An account of the number of people in the Province of New York, A.D. 1723
Schomburg Center for Research in Black Culture, Manuscripts, Archives and Rare Books Division
New York Public Library Digital Collections.

To be fair slavery was never wide spread in Plattsburgh or in Clinton County of which Plattsburgh is the county seat. In Clinton County, 1790, census 16 slaves were listed, in 1800, 58 slaves were listed, in 1810, 29 were listed, and in 1820, 2 slaves were listed. The general population during those years rose from 1,615 in 1790 to 12,070 in 1820. In total (I could have missed some) I found only 35 different men who owned slaves in that time period in Clinton County. While slavery was not a big part of the history of the county, it certainly was for those forced into slavery, and perhaps this new website will be of help to tell their story.

I am hopeful that this new website will be an aid to those who are trying to breakdown that brick wall of slavery that so many have found impossible to get through. Also, I hope those of us who have slave owners in our family history may get a better understanding. When I checked the index for my family, I did find that Simon Dakin who is a first cousin six times removed did own nine people at one time. This was surprising as I thought he was a Quaker. I will have to do more research on that.

Schomburg Center for Research in Black Culture, Photographs and Prints Division, The New York Public Library. “Sale in New York.” New York Public Library Digital Collections. Accessed March 1, 2018. http://digitalcollections.nypl.org/items/510d47db-bc51-a3d9-e040-e00a18064a99

So if you’re looking for a publicly searchable site in which you will find over 35,000 records pertaining to both the enslaved person and the people who owned them, then click on the New York Slavery Records Index. It may take you some time to learn how to navigate this site, but it is well worth the effort. I have spent hours looking over this site and the time just seemed to fly away. I hope that this site is what is needed for someone to break through their brick wall. At the very least it should be one more arrow to put in our quiver for use in our genealogy pursuit.

 

 

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40 Responses to Slaves in the Backyard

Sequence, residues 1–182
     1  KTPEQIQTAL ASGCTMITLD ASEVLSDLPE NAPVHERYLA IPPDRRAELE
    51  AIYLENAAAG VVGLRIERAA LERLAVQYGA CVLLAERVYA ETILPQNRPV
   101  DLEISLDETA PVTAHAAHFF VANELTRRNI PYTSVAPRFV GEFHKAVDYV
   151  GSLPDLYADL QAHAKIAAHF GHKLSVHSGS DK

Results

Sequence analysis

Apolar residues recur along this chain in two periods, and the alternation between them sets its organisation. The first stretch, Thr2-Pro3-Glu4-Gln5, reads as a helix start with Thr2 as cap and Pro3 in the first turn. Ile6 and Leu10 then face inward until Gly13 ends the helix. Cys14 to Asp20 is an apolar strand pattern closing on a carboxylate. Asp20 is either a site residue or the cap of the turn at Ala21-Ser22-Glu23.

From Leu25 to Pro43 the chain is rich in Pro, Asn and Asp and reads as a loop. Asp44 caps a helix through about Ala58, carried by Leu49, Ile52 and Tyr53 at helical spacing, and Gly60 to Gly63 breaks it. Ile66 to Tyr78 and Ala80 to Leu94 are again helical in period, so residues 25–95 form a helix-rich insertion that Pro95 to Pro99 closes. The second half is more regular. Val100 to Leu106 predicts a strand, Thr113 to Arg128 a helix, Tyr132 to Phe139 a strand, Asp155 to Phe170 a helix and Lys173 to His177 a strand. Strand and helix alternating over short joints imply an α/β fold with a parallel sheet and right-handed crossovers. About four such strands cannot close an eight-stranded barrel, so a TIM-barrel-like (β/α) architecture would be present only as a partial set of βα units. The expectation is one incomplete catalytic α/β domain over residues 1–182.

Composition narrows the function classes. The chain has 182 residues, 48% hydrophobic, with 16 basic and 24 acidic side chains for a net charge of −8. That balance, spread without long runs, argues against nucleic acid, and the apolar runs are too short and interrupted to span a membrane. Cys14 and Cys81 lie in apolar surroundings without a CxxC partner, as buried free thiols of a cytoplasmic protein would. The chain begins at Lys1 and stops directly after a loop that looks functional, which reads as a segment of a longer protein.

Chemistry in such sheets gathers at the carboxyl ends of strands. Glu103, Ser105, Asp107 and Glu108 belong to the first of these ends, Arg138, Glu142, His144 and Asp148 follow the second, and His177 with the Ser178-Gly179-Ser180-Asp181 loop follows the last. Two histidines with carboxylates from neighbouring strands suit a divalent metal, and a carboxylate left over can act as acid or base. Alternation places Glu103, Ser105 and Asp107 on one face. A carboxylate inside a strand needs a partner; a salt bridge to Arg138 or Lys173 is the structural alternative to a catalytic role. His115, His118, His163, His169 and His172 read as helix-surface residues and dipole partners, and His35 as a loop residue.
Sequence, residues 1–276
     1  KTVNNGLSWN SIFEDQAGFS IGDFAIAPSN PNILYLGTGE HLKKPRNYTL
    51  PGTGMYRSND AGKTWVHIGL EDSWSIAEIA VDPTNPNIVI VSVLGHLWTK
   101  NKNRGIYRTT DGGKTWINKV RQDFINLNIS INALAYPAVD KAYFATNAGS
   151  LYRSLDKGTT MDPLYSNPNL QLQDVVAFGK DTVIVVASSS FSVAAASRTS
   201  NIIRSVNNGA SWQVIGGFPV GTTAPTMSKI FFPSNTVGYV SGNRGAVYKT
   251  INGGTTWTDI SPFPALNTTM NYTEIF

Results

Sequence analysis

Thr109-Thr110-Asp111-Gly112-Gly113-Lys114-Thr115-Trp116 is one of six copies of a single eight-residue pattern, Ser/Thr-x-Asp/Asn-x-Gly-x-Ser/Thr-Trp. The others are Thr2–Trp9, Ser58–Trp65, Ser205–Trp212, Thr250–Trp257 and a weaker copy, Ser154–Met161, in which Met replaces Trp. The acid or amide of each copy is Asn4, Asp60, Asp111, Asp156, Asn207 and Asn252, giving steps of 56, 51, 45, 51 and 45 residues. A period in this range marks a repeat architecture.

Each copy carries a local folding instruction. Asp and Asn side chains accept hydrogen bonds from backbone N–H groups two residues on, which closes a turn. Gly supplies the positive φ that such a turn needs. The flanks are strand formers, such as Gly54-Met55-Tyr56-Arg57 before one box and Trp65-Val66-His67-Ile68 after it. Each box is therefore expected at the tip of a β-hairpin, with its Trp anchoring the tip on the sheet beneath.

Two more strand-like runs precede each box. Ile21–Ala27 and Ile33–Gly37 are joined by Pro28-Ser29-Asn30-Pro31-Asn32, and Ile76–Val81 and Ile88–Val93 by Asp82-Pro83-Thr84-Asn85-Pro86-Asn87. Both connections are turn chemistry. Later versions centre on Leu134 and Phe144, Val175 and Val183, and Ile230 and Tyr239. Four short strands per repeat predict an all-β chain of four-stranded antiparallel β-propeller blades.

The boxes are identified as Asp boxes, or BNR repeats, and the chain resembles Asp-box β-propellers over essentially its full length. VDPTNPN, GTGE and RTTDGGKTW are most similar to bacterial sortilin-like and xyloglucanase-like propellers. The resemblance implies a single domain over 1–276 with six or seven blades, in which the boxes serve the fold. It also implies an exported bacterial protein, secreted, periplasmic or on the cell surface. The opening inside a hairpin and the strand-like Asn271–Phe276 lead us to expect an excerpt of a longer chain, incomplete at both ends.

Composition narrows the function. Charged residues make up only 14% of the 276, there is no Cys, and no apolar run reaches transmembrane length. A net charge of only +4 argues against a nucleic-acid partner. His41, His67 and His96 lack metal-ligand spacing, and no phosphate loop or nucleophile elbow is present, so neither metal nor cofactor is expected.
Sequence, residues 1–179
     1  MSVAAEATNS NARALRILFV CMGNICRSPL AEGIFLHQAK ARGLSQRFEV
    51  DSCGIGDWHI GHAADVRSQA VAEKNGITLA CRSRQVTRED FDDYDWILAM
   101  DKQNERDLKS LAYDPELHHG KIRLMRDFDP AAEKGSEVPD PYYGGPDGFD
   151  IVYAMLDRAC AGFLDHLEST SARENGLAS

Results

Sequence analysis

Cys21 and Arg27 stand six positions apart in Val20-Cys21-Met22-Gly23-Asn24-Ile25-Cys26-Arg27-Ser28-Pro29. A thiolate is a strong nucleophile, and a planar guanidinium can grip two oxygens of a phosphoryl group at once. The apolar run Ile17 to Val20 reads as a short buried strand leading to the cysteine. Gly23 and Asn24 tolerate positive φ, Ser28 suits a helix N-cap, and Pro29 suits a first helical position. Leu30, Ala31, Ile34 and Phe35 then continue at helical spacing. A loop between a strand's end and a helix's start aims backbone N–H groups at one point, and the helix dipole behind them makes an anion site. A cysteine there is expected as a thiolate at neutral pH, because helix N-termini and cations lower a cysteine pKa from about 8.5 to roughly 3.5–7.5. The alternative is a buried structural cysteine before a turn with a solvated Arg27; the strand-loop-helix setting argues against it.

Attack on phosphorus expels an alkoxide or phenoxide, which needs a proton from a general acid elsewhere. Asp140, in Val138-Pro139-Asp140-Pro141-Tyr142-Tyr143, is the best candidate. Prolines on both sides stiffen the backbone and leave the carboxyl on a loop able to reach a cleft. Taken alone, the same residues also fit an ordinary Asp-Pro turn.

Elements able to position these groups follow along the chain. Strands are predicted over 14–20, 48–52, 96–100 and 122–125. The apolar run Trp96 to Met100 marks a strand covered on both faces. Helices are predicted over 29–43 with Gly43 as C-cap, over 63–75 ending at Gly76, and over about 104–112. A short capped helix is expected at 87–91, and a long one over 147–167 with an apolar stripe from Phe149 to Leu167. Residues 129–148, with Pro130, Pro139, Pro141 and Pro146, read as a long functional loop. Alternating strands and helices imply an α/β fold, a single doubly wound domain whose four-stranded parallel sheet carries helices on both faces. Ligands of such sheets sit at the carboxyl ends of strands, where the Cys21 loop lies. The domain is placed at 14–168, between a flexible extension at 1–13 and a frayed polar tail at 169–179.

1. Interesting article…

  2. Eilene Lyon says:

    I have heard of some early Quakers owning slaves. A vast majority did not, and possibly because most were too poor. I think some of their attitudes against slavery developed through the early 19th century.

    Did your wife know much about the cemetery when she lived on the property (assuming she doesn’t live there now)?

    • chmjr2 says:

      The little graveyard was part of the border between their backyard and her Uncle’s and grandfather’s farm pastures. It was there but they gave it little thought. When she was about 13 my wife did clean it out and fixed it up as best she could. She remembers trying to read the gravestones. The house is no longer in the family. The farm land is owned by a cousin but the farm itself has not operated for decades.

  3. Hi Charles, I have shared this blog post in a group I belong to on Facebook called “I’ve Traced My Ancestor’s Slaveholders”. I hope it will be a good research resource for some of the members. Thank you for sharing the needed information!

    • chmjr2 says:

      Thank you for passing this blog to those who may be able to use it. I hope it will help someone to break down a brick wall or two. I hope all is well with you and family.

  4. KerryCan says:

    So interesting! Are you saying Henry Delord owned slaves? I worked at the museum for quite awhile and I had no idea!

    • chmjr2 says:

      This is from the Kent-Delord House website about Henry Delord